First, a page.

Contrary Winter

Gone is the green of Summer, the brilliant reds and yellows of Autumn. In their place, shades of white; crystalline ice and snow that covers and decorates every surface, every branch of every tree. It is beautiful without a doubt; a beauty unlike any seen throughout the rest of the year, for it is a beauty of rest, of life unseen. The soft blanket of snow that covers the Earth in the Winter seems to do more than merely hide the dirt below; in some ways, it seems to cleanse, as though washing away the filth instead of merely cosmetically hiding it.

For many, it is a time of hibernation; not unlike those animals that practice that long slumber, they remain indoors, wishing and waiting for the warmer temperatures that will again allow them to go outside and revel in Nature. It is a mistake to abhor this season, to wish it non-existent, for this is when the cycle of Nature becomes most evident, when it can be seen in all of its glory. Winter is much more than cold temperatures and slick streets; it is a time to rejoice in the period of rest; to see the power of Nature in a much different light.

Even in the “Dead of Winter”, the world is not dead; signs of life abound at every step. The evergreens serve as a reminder that the trees are not dead, but resting. The chickadees and other birds brave enough to remain behind remind us that the birds have not passed on, but merely moved away for a short while. The busy squirrels, the deer, the rabbits in the field; all are evidence that Nature has not simply forsaken this time of year. If anything, She is busier than ever; for the Springtime will be here in a few short months and there is much to do before then.

There are few experiences quite like that of laying in a snowbank at night. Snowflakes land on my face, quickly melting away but at the same time slowly cleansing my soul,. The sound of those same flakes hitting the ground is so much more intense than true silence; it is a stillness of motion; a silent sound. The clouds in the sky reflect the snow on the earth, and there is no true darkness, yet breaks in those clouds reveal a blacker sky than can ever be seen in the summer. It is a season full of contradictions, life hidden below apparent death, cleansing white covering a darker despair that lies below.

It should not be surprising that so many cultures around the world celebrate these short days and long nights like no other time of the year. Oldest of holidays, the Solstice is celebrated under many names and guises; yet the name is not so important as the direction, the path of giving, of loving, of generosity. If at no other time of year, we are led to be more forgiving, more willing to work together, more tolerant and warm towards one another during this magical season. What sway does the season hold over the human psyche that can exact this change, that can allow spirit to suddenly take a forefront?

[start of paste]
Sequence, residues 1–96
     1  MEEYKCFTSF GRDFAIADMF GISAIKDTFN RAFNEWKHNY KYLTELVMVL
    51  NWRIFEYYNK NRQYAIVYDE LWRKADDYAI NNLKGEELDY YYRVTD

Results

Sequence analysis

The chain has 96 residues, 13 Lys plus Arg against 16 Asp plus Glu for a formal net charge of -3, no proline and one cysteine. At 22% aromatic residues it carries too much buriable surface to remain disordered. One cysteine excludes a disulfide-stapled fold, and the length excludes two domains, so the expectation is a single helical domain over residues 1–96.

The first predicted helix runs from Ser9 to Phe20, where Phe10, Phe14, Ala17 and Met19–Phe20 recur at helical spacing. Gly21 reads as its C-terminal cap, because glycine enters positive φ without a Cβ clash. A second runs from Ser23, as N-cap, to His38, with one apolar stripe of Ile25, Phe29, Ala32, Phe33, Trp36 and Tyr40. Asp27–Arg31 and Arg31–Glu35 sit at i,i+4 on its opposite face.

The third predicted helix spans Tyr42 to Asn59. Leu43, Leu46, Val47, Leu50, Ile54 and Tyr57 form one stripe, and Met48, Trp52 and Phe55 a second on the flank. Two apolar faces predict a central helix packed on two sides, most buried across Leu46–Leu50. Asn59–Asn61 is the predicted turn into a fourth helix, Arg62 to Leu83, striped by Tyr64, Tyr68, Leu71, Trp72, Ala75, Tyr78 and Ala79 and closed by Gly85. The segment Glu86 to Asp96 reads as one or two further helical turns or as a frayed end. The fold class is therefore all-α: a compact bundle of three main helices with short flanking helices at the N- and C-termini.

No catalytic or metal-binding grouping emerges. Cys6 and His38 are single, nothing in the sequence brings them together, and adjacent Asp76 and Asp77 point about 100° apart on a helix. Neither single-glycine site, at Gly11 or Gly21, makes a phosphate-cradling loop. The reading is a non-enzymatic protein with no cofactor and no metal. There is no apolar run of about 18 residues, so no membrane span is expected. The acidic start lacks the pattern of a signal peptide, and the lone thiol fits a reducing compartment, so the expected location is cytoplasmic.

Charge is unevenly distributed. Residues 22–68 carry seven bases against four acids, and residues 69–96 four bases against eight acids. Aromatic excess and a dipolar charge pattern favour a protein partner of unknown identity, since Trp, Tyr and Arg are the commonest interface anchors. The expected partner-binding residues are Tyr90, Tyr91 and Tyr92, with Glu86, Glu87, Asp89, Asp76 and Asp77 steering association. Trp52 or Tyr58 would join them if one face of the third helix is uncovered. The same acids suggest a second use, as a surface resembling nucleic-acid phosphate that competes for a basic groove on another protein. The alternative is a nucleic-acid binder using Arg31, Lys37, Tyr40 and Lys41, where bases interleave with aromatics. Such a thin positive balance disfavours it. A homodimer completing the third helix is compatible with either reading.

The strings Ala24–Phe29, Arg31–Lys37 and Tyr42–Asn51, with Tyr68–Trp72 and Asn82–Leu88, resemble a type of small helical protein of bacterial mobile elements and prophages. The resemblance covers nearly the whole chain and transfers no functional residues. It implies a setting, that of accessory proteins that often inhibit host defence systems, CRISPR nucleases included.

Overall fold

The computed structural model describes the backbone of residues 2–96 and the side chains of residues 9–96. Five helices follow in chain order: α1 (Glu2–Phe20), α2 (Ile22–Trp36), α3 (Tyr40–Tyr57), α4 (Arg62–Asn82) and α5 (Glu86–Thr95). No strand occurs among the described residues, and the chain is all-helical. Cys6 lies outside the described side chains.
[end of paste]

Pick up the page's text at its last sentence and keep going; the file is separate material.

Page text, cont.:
Some might believe it the very root of their religion, the teachings of elders, that leads them on this quest to taste the milk of human kindness for a short season. Personally, I think that for this brief period the spirituality of the masses drives the religion instead of the other way around. Too many ignore the teachings of their own faiths throughout the rest of the year to believe that they suddenly have a change of heart in the season of Winter.

More likely it is the season itself, a deeper, more ancient yearning . At this time we become more isolated, more separated from the rest of our kind, and we find ourselves craving human contact more than ever. People once gathered for warmth and the sharing of provisions; whether in cave, longhouse, or castle. Today, even in our isolated homes, that need persists.

In the end, we are all members of one large tribe. Is this what drives us to be more charitable, to give more freely of our time and money, to help out those less fortunate? Selfishness fades for an all-too-brief period; ask people what they really want at this time of year, and you’re likely to hear about things like peace, love, understanding, healing; things that benefit us all.

Nonetheless, this season of contradictions shines through. Coupled with warmth, good wishes, and friendly behavior is a mean streak. People complain about the weather from the time the temperature drops below freezing until it rises once again a few months later. Tempers run short, and there is no place with less holiday cheer than a shopping mall right before the holiday. Cars drive by, spraying slush on passers-by, and people literally run into one another as everyone seems to be rushing more than usual. How is this inner conflict resolved?

The answer lies in the nature of the problem. See, it’s the rushing around that causes the problem; and this can be proven by example. It takes little more than getting the car stuck in a snowbank to prove the point. For the first few moments, panic sets in. I’m in a hurry! This is going to affect my busy schedule!